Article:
Capt. Michael McGinnis, U.S. Pacific Fleet surgeon and medical advisor to Adm. Sam Paparo, said the Navy brought dozens of medical personnel to Honolulu to help, but added the demand for care has been decreasing over time and he thinks it’s unlikely there will be long term health consequences.
McGinnis acknowledged under cross examination that the long-term effects of many of the components of the petroleum found in the drinking water haven’t been studied “for obvious reasons.”
“You would not conduct research with the understanding that you would inflict harm,” he said, later stating that this is a public health crisis.
During the first several hours of Monday’s hearing, the state Department of Health and Board of Water Supply presented testimony about the status of the tanks and the history of leaks.
Health department officials reiterated their longstanding concerns about corroding tanks and the Navy’s methodology for estimating leaks.
Lene Ichinotsubo, chief of the solid and hazardous waste branch at the Department of Health, said the Navy hasn’t kept to its inspection and maintenance schedule, and noted one tank hasn’t been inspected within the last 40 years to determine where corrosion might be occurring.
Fenix Grange, the agency’s site discovery, assessment and remediation section supervisor, said the department did not receive July’s test result data until September and didn’t receive August’s test result data until October. She said the data could have been an early warning sign of potential contamination if received earlier.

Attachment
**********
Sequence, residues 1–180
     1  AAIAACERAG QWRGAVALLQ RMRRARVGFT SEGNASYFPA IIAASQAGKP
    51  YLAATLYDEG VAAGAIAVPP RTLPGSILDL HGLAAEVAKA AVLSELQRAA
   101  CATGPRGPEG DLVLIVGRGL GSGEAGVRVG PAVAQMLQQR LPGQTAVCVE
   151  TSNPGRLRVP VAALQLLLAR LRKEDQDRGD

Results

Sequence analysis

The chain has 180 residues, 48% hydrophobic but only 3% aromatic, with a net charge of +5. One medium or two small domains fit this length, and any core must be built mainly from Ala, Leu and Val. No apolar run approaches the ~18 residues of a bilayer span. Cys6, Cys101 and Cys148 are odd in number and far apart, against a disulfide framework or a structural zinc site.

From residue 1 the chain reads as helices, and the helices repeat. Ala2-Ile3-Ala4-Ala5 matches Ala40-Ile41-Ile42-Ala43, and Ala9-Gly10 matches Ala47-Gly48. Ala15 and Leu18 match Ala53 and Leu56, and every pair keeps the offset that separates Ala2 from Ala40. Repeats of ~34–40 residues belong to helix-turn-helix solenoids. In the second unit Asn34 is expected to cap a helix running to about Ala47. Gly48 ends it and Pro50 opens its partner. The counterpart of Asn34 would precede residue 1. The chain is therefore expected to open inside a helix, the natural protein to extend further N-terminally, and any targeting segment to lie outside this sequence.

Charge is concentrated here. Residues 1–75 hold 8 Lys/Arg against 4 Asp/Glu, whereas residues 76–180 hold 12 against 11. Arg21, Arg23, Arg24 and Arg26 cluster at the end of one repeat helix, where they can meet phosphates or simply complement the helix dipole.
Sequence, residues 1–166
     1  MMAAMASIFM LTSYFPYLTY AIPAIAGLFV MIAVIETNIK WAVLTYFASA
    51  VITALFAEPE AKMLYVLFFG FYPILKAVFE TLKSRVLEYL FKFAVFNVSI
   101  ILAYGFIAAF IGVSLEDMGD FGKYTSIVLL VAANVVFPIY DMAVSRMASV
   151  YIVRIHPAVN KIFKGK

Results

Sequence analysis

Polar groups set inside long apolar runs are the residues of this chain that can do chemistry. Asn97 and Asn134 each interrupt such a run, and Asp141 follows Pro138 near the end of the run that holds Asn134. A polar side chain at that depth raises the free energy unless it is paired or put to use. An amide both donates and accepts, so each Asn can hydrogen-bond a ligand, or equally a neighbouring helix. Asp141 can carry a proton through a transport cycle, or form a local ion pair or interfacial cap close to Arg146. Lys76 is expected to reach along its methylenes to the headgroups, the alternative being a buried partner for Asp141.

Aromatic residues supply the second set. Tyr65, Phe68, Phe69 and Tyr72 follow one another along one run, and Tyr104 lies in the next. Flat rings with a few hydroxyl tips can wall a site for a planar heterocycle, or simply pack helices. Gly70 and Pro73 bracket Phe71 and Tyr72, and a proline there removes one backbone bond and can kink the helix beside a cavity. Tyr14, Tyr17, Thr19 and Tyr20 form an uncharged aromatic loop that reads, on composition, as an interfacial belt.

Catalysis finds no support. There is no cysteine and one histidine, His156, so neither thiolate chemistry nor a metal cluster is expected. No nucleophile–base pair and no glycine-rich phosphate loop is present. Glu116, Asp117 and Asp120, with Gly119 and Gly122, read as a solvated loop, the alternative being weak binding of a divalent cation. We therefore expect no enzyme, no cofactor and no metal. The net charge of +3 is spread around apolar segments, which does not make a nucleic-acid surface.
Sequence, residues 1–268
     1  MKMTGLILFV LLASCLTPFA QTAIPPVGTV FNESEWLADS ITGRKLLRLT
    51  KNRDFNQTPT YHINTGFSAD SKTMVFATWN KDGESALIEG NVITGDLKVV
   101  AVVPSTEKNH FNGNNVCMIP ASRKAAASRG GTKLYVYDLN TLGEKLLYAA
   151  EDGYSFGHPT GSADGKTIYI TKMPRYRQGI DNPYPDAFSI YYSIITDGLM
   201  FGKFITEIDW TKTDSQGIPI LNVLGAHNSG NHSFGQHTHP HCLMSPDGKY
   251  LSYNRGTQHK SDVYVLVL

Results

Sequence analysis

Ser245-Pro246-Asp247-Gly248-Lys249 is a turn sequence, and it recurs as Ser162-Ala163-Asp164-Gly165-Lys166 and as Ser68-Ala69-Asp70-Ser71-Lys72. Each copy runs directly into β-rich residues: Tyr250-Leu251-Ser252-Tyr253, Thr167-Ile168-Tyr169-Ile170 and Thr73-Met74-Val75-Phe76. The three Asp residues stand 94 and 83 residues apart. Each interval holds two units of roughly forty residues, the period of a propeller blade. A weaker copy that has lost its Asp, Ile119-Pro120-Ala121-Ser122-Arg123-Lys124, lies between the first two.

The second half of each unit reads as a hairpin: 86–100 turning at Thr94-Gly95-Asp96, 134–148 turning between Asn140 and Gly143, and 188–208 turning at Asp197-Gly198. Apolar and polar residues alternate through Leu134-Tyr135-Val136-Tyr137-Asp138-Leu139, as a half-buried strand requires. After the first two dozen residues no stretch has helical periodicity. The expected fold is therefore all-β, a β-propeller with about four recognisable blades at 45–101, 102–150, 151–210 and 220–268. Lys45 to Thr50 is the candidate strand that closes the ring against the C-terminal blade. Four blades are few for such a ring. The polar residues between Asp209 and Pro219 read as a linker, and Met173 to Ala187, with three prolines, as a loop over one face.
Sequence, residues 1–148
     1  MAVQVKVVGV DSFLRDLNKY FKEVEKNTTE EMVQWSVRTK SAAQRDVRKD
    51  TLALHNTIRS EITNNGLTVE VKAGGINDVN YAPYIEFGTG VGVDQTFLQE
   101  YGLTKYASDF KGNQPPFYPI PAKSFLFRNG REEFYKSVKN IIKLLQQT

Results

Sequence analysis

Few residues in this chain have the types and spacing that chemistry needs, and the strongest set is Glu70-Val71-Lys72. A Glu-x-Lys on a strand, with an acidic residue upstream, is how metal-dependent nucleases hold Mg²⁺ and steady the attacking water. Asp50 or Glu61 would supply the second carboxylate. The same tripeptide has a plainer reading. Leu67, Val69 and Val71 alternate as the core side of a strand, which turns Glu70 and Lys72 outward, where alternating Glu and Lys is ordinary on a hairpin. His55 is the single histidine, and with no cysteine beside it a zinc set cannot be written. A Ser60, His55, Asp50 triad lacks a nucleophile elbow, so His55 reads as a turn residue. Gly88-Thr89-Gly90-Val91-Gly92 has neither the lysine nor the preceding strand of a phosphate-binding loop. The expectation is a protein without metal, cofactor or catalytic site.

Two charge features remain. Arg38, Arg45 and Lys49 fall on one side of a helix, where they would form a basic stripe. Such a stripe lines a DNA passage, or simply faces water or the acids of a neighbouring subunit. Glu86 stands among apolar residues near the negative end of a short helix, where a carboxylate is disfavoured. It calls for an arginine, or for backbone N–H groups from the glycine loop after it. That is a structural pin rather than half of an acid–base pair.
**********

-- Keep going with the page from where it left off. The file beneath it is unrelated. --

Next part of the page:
Craig Jensen, attorney for the Navy, blamed the delay on delivering the test results to the health department on a California lab that was backed up.
A History Of Leaks
The Honolulu Board of Water Supply called David Norfleet, who oversees incident investigations at the risk management firm DNV GL – Oil & Gas, to testify as an expert witness about the risk of the Red Hill jet fuel facility leaking.
During his testimony, Norfleet referenced a risk assessment analysis that estimated there’s a 27% probability of having an acute or sudden release of between 1,000 and 30,000 gallons of fuel from the Red Hill facility each year.
Norfleet said that analysis was based on assumptions that underestimated pipeline frequency failure statistics and the history of leaks in the facility.
The risk assessment assumed there were 18 previous leaks in the facility. Norfleet said his review of the data and documentation of the Red Hill facility found a more conservative estimate would be 76 prior leaks, spilling an estimated 200,000 total gallons of jet fuel, including this year’s leaks.
“We believe these tanks are entering an end of life phase,” Norfleet said.
He criticized the Navy’s decision to attribute a previous leak to “human error” rather than a specific systems or processes failure, arguing that’s “a finding that goes against the vast majority of the industry,” and hearkens back to a 1980s mentality that the industry has moved beyond.